European states: Trump’s on al-Quds ‘unhelpful’

December 9, 2017 - 12:22

Britain, France, Germany, Sweden and Italy called on the United States on Friday to put forward detailed proposals for peace between Israel and the Palestinians and described as “unhelpful” a decision by President Donald Trump to recognize al-Quds (Jerusalem) as Israel’s capital, Reuters reported.

Trump’s reversal of decades of U.S. policy on Wednesday sparked a Palestinian “day of rage” on Friday. Thousands of Palestinians demonstrated, scores were hurt and two were killed in clashes with Israeli troops.

Amid anger in the Arab world and concern among Washington’s Western allies, the United Nations Security Council met on Friday at the request of eight of the 15 members - Britain, France, Sweden, Bolivia, Uruguay, Italy, Senegal and Egypt.

In a joint statement after the meeting, Britain, France, Germany, Sweden and Italy said the U.S. decision, which includes plans to move the U.S. embassy to Jerusalem from Tel Aviv, was “unhelpful in terms of prospects for peace in the region.”

Egypt’s UN Ambassador Amr Aboulatta said the U.S. decision would have “a grave, negative impact” on the peace process.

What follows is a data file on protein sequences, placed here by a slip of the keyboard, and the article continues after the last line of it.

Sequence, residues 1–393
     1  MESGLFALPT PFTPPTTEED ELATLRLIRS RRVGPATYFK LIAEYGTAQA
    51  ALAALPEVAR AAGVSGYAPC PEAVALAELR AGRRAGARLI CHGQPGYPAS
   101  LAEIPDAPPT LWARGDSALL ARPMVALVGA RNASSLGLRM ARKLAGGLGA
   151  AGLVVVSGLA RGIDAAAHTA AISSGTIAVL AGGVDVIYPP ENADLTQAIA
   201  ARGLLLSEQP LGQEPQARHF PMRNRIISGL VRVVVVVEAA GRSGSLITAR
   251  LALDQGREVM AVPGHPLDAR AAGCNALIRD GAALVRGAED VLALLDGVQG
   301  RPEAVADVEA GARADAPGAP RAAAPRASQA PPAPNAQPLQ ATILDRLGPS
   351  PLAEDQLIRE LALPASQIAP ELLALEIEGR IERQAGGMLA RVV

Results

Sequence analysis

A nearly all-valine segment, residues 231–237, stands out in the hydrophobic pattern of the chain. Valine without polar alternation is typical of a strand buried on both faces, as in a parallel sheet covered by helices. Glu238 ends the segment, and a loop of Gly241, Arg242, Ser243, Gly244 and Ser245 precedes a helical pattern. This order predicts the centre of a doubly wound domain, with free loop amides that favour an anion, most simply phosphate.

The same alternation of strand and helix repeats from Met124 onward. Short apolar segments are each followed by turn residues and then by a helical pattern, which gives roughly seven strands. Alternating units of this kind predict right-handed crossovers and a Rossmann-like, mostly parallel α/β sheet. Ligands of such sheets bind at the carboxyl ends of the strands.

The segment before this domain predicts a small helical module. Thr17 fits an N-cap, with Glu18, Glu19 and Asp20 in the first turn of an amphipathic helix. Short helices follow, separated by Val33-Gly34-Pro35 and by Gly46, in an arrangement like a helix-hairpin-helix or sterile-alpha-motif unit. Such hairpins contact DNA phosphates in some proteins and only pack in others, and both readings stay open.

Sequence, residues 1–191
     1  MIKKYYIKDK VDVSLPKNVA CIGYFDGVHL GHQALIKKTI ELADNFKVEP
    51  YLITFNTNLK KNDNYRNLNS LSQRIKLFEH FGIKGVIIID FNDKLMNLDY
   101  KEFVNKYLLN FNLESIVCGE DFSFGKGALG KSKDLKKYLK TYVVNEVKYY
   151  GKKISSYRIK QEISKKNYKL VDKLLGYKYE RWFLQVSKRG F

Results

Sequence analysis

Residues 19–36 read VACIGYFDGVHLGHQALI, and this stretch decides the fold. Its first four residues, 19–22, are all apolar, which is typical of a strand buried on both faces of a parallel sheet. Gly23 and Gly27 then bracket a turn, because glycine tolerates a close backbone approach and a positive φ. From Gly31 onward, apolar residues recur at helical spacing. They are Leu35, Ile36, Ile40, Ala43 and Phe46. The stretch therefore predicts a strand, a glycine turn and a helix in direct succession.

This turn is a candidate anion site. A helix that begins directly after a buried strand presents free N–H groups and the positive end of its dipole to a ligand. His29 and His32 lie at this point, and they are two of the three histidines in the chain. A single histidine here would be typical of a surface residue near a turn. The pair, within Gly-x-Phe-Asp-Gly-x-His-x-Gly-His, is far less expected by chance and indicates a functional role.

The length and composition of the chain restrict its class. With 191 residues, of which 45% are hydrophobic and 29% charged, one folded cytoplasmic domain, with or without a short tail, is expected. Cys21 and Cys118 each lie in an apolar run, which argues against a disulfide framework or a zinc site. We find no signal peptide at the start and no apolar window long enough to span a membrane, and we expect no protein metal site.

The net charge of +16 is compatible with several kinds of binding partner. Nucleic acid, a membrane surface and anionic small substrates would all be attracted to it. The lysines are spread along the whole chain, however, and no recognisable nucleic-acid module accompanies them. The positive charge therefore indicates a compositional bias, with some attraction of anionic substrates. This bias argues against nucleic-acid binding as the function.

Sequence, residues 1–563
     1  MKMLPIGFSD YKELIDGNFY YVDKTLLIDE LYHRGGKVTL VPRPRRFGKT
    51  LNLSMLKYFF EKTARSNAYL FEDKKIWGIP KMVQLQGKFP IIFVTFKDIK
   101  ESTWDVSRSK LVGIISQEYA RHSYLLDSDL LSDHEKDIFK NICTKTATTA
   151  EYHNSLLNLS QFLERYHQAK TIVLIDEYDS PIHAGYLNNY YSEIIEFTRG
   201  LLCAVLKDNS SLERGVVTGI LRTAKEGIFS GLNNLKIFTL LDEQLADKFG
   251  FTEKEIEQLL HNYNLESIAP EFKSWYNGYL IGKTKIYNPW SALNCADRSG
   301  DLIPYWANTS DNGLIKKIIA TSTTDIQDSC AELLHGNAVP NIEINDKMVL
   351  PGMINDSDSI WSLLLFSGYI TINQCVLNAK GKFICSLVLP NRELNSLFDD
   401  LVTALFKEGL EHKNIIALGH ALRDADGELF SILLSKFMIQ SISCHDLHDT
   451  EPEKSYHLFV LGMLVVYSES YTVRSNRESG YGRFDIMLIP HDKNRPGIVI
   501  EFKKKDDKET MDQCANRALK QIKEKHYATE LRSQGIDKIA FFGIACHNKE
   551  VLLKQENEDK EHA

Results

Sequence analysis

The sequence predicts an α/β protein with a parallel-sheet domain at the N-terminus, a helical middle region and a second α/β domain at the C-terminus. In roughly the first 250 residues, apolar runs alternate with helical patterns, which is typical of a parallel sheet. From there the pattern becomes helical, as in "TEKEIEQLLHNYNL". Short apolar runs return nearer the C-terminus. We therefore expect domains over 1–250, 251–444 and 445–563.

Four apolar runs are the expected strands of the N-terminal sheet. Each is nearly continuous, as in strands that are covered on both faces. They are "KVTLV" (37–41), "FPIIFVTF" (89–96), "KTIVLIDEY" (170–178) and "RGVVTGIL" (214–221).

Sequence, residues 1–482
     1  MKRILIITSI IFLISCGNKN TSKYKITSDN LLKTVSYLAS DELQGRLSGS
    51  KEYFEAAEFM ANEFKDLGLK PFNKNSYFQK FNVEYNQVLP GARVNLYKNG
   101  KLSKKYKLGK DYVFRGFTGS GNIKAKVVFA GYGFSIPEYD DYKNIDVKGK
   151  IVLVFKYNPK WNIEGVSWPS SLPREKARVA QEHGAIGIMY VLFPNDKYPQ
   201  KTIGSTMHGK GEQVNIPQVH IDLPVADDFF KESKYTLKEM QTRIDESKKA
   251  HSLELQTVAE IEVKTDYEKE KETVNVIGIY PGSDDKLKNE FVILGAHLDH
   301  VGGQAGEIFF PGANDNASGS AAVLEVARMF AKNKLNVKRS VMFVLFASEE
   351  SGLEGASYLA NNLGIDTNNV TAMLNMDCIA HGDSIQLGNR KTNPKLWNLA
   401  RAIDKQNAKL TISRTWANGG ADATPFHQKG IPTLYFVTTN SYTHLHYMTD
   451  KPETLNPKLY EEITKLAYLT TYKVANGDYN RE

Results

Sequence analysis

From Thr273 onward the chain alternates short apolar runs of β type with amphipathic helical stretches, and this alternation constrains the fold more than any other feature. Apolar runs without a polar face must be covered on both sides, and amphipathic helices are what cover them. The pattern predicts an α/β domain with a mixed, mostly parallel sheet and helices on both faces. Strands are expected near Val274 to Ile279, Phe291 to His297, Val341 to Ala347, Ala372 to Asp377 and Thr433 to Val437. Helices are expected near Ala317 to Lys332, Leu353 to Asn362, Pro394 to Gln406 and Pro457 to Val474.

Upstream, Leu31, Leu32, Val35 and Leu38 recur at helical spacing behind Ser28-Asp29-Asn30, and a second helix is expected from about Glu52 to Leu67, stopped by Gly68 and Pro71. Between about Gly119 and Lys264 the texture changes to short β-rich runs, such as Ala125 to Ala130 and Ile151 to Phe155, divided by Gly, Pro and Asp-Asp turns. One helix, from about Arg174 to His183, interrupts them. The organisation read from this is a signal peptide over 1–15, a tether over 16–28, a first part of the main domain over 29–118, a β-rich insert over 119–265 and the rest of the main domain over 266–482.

United Nations Middle East envoy Nickolay Mladenov warned there was a risk of violent escalation.

“There is a serious risk today that we may see a chain of unilateral actions, which can only push us further away from achieving our shared goal of peace,” Mladenov told the UN Security Council.

Israel considers all of Jerusalem to be its capital. Palestinians want the eastern part of the city as the capital of a future independent state of their own.

The world considers East Jerusalem, which Israel annexed after capturing it in the 1967 Middle East War, to be occupied territory, including the Old City, home to sites considered holy to Muslims, Jews and Christians alike.

A UN Security Council resolution adopted in December last year “underlines that it will not recognize any changes to the 4 June 1967 lines, including with regard to Jerusalem, other than those agreed by the parties through negotiations.”

That resolution was approved with 14 votes in favor and an abstention by former U.S. President Barack Obama’s administration, which defied heavy pressure from long-time ally Israel and Trump, who was then president-elect, for Washington to wield its veto.

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